The Last Straw

I have a MAC 224 brush that I absolutely adore. That style of fluffy brush is good for blending shadow, contouring the nose, highlighting, and I also love it for applying and blending concealer. The point being, I use the brush a lot. So when I got the E40 blending brush I knew it would fit right in to my makeup arsenal. Except now it sheds like an absolute bitch. The hairs it’s shedding are tiny, too– about the same length as an eyebrow hair or shorter. And okay, picking a hair out of your foundation or blush is one thing, but I do not tolerate stuff shedding in my eyes. And it was many hairs. 
I was thinking to myself, okay, these are supposed to be professional quality brushes. What is professional about having to pick hairs out of anything?! What working MUA has time to deal with that bull while working on a model or client? I’ve used my Sigma brushes on clients before, before they started dying on me (the brushes, not the clients, thankfully) and I would have been really upset if they’d shed all over someone else. That’s when I got angry at the brushes. 
I threw my E40 in the trash. I won’t need to replace it because I have the MAC 224 and a couple of Stila #9 brushes. Now I’m just annoyed. I don’t like something that calls itself professional quality when clearly experience tells me it’s not. I don’t like feeling like an idiot for raving about something that later turned out to be inferior. I take my reviewing very seriously and now I feel dumb even though I couldn’t have known it would go like this. Even though the replacement brushes have been performing fine, the experience has left a bad taste in my mouth. I do not plan on adding to my Sigma brushes at all, and finding replacements for the ones I have as soon as possible because I don’t want to use products from a company that makes me feel dumb. 
Moving On

I’ve mentioned MAC and Stila brushes in this post as alternatives to Sigma, but let me also recommend some other great brushes. 
Crown – I’m sure you’ve heard of Crown, but they’re an inexpensive, oft-raved about company that I’ve never had any problems with at all. The brushes from Crown I have live up to their raves.
ELF Studio – For only $3, the flat topped powder brush is ridiculous. As in, incredibly awesome. I still use it on the daily.
Morphé – I believe the owner of Morphé is related to the owner of Crown? That’s what I heard. Anyway, these brushes are also really fabulous. I have several eye brushes from them.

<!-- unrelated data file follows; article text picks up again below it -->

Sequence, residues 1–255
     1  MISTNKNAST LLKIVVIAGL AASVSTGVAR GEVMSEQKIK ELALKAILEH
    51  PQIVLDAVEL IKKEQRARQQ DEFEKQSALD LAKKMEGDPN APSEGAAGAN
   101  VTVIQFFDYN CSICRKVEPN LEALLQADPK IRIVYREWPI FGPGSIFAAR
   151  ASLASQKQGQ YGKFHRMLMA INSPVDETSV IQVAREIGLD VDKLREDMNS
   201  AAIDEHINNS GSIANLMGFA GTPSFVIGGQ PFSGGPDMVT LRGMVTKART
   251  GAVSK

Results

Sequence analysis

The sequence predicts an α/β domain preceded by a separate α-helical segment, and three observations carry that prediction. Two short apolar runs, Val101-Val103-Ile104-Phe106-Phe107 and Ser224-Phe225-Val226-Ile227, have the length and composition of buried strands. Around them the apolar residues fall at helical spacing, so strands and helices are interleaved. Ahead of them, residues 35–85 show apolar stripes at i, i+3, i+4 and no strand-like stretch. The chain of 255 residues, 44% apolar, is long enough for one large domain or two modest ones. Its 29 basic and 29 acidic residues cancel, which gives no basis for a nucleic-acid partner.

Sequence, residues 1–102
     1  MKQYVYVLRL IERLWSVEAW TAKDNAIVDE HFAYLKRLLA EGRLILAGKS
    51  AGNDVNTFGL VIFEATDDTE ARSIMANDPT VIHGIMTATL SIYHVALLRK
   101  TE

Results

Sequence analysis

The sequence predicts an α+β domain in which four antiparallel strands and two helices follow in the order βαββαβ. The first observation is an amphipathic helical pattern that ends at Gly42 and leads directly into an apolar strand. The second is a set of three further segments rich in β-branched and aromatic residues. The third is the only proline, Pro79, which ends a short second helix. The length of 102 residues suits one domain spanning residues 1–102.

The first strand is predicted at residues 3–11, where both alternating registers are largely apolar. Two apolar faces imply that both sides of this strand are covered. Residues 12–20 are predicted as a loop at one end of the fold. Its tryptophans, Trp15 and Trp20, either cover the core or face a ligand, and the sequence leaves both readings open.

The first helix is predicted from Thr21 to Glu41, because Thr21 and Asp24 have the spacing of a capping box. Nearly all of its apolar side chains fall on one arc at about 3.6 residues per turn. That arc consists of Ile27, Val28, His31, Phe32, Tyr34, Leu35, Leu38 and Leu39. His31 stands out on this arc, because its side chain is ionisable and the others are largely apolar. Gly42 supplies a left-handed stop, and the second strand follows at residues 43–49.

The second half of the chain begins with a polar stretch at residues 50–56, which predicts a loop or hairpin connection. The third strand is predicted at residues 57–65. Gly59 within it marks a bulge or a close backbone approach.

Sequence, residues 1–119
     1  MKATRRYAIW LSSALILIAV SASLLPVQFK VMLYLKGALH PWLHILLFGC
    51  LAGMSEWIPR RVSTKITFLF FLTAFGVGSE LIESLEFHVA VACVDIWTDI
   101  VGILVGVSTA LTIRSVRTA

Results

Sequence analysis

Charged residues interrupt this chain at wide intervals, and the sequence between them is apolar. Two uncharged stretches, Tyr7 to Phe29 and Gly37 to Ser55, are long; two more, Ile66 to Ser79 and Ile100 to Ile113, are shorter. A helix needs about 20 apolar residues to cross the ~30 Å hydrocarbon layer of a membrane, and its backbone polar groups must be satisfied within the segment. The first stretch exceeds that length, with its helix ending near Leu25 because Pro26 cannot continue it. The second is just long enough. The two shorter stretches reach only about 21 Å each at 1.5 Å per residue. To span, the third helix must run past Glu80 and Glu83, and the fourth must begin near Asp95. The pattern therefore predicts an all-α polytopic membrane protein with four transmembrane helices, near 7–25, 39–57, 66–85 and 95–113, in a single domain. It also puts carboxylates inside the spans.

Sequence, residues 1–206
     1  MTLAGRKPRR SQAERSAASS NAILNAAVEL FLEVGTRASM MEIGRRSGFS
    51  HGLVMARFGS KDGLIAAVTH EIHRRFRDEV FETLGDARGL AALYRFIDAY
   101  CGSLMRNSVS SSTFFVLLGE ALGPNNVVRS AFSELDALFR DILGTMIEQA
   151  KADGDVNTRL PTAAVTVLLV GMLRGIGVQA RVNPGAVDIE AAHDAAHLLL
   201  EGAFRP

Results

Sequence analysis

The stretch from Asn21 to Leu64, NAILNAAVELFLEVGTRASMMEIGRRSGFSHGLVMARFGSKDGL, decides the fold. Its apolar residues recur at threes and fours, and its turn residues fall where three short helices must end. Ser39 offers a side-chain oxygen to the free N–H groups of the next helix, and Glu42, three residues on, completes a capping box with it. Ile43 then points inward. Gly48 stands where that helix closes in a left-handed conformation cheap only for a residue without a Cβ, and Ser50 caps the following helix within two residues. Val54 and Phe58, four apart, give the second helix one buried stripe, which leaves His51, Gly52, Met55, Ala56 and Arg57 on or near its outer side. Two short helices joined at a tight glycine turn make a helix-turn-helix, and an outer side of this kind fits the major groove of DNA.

Royal & Langnickel – Talk about luxe. Even their travel brushes feel like luxuries!
Edited to Add: I thought I should also mention a couple of things:

– Sigma did reach out to me via Twitter & Email to see if they could replace the brushes I’m having problems with. Nice of them to offer but I won’t be taking them up on it.

– The older brushes I have, the ones that had MAC numbers, are still holding up great and working just fine. 

Review Update – Sigma Brushes

Back in November I reviewed the Sigma Face & Eye Kit. If you missed that review, check it out. I have an update of sorts on the kit and it’s very important that you read it!

Just to re-cap, the brushes pictured above are the ones I received. Since my review, I’ve been using the brushes as normal. I’m not a full time MUA so these didn’t get worked super hard or anything, but they began to shed. It’s like it started all at once a few months after my review. I noticed it first with the powder brush (F30). As of when I reviewed it, I’d had it several months and it had not shed at all. Suddenly it seemed it started to shed with startling regularity. Every time I used it I had to pick a few hairs off my face. By this time, I estimate the brush to have been used approximately 8 to 9 months (I was using these for a while before I reviewed them, remember). 
Similar to the F30, my F45 buffer exhibited similar “symptoms”. It went from not shedding at all to shedding every time I used it. I’m not rough on my brushes, and I wash them regularly with an actual brush cleaner (Parian Spirit). 
And then, the last straw. My F50 duo fibre brush also started shedding. What. The. Hell? Something had to be done. I emailed Sigma. I was pleasantly surprised that their customer service responded right away. They sent me replacements, no questions asked. So far, so good. I have been using the replacement brushes without incident. I guess it’ll be a few months to see if this repeats itself. I really have no explanation for why the first set of face brushes started to shed.
I’m sure a lot of you out there have tried Sigma brushes. Did this happen to you? I want to know! 

My Face Brushes – An Overview

Above you can see all of my face brushes (with the exception of my kabuki, which I only just now realized isn’t in the photo…erg.). They are DIRTY. I washed them after taking this picture, which you can click to view full sized to see the horror. But since I’m nosy and I like to know what other people use, here’s what I use. These are brushes that I use pretty much all the time. Maybe not all in one day, but you know. Often. :)